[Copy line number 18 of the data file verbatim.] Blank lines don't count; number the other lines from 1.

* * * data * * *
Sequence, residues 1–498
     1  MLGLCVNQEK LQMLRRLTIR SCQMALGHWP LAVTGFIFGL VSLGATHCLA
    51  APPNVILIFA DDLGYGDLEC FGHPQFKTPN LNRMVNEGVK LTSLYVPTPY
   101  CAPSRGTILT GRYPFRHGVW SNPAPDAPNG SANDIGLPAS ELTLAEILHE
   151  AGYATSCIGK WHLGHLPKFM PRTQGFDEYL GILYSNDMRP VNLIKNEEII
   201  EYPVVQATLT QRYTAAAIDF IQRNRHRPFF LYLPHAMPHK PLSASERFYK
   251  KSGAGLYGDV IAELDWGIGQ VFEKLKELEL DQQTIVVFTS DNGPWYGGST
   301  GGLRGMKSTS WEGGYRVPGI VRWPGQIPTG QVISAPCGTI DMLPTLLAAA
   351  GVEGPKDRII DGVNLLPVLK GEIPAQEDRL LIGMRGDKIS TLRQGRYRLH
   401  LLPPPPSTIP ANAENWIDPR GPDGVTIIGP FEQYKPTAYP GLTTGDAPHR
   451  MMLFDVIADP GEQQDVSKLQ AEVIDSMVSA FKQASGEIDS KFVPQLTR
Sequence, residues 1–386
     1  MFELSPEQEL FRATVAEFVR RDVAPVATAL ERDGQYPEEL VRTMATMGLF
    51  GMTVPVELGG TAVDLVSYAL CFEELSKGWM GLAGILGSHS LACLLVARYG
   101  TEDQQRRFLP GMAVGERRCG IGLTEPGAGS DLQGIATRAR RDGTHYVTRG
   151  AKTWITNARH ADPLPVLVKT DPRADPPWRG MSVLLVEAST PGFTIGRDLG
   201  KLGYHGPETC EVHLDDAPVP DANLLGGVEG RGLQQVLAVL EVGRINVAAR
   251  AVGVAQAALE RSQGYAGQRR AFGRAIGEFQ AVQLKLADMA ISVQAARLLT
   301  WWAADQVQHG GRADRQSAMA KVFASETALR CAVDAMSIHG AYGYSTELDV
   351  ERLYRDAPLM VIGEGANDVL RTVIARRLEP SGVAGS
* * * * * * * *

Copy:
   251  AVGVAQAALE RSQGYAGQRR AFGRAIGEFQ AVQLKLADMA ISVQAARLLT